A scene from 'Drive Me Crazy'
Courtesy Photo
*1/2 stars 90 minutes | Rated: PG-13
Opened: Friday, October 1, 1999
Directed by John Schultz

Starring Melissa Joan Hart, Adrian Grenier, Mark Metcalf, Faye Grant, William Converse-Roberts, Susan May Pratt & Mark Webber


Pointless, uninspired, relentlessly clichéd teen romance drivel. For Melissa Joan Hart die-hards only.

   VIDEO RELEASE: 3/14/2000

Melissa Joan Hart:
"Can't Hardly Wait" (1998)

Hart's TV-sized personality can't carry been-there, done-that 'Drive Me Crazy'

By Rob Blackwelder

With a script recycled from the scraps of scores of other prom climax movies, "Drive Me Crazy" might just be the most generic high school flick ever.

Melissa Joan Hart, whose pert but plain, TV-sized personality (she's "Sabrina, the Teenage Witch") can't carry a feature film, stars as Nicole, the super-organized Miss Congeniality of her school's in crowd, who finds herself dateless for the biggest dance in school history when her nondescript, jocko beau throws her over for a cheerleader he landed on top of when run out of bounds during a basketball game.

Meanwhile, Nicole's sullen, rebellious next door neighbor, Chase (Adrian Grenier, "The Adventures of Sebastian Cole"), has been dumped by his freaky chick (as demonstrated by her two-tone hair -- oooo!) girlfriend because he won't join her in her latest protest movement against medical testing on lab rats.

Nicole and Chase were best friends when they were little, but moved into separate social circles in their teens. Can they work together to win back their exes, making them jealous by pretending to be a couple? Only after a preppie make-over montage at the Gap, in which Chase trades in his jeans, T-shirts and personality for a haircut and a khakis-and-button-down-collars uniform so he'll look good on Nicole's arm.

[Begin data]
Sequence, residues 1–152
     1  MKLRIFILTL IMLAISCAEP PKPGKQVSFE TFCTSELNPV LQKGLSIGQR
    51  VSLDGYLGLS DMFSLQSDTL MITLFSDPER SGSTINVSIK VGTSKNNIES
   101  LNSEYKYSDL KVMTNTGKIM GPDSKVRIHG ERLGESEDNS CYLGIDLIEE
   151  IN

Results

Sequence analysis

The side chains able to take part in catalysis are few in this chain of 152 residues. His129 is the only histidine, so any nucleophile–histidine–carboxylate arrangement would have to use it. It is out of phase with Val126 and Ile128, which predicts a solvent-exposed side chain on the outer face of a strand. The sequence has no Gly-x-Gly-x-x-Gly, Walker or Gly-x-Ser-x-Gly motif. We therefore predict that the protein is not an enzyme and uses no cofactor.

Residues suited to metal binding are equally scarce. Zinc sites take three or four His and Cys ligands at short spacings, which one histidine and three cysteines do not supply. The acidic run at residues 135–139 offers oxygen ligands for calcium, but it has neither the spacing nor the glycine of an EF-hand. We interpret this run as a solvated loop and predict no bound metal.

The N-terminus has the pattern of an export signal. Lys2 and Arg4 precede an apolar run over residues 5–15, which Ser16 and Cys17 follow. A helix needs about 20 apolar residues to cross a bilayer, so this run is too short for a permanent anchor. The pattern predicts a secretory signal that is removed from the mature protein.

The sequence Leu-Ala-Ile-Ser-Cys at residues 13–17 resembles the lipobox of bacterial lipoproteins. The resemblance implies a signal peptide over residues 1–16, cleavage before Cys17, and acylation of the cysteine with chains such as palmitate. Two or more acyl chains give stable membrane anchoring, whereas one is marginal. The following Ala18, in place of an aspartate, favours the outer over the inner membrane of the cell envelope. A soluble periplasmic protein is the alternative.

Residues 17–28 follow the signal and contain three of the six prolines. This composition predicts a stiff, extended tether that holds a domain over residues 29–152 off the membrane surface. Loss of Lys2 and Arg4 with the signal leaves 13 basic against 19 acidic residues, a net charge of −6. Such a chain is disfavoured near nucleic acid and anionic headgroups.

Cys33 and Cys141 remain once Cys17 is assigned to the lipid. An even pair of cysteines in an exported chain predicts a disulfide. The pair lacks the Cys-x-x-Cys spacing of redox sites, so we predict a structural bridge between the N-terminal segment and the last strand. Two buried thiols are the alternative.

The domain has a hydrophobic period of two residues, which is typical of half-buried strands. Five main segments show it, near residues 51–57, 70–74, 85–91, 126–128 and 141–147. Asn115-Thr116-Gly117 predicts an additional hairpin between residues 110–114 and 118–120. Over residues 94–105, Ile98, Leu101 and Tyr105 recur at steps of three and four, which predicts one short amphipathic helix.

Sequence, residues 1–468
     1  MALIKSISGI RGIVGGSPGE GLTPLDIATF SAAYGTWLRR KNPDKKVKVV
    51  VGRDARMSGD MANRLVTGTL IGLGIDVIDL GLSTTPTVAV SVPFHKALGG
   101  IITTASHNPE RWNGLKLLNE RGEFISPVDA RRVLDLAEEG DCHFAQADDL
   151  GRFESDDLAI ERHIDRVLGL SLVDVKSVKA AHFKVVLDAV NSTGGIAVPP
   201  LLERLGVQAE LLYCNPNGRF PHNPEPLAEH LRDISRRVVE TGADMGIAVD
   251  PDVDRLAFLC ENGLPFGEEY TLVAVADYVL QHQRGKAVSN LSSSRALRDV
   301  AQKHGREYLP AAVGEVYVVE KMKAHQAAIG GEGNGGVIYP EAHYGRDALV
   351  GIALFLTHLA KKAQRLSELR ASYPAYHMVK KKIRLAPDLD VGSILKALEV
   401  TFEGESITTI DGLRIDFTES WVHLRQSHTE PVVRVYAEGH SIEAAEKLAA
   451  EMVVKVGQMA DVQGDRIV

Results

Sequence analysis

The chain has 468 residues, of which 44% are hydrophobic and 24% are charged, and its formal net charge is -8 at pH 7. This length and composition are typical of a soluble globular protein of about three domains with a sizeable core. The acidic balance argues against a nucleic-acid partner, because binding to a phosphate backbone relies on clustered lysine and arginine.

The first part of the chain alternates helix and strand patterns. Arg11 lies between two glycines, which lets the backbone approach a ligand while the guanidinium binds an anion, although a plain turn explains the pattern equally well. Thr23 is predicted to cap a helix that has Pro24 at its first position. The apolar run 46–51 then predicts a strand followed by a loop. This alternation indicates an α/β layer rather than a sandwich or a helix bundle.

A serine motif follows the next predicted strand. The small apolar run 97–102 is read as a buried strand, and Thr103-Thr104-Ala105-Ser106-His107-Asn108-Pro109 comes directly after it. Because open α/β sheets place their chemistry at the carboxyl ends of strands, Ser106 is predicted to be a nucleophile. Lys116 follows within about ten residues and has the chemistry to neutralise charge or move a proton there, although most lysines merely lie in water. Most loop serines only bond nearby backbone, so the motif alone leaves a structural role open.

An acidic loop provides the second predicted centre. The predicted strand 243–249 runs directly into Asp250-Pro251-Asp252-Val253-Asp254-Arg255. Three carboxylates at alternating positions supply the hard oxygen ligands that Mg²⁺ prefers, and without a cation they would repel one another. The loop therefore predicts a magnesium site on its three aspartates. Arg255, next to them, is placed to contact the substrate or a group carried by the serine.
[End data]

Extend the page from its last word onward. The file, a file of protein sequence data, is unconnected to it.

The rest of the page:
You can do the math from here: Chase's intelligent (because in one scene they discuss world politics!) but unpopular friends call him a sell-out, Nicole's back-stabbing fashion plate girlfriends come on to Chase behind her back, the exes make their apology plays, but what do you know! Our unlikely couple have fallen in love, and realize it just in time for a slow dance at the prom.

Been there. Done that. Yeish!

"Drive Me Crazy" tosses into its teen movie stew a couple random and irrelevant subplots about, for instance, Nicole's absentee father. But with the half-price personalities of the two leads it's hard to see these scenes as anything but filler because we have no energy invested in them.

If you've seen "She's All That," "Can't Hardly Wait," "Pretty In Pink," or any variation thereof, you've already seen most of "Drive Me Crazy." If you haven't seen any of them, consider yourself lucky and stay away from this one, too.


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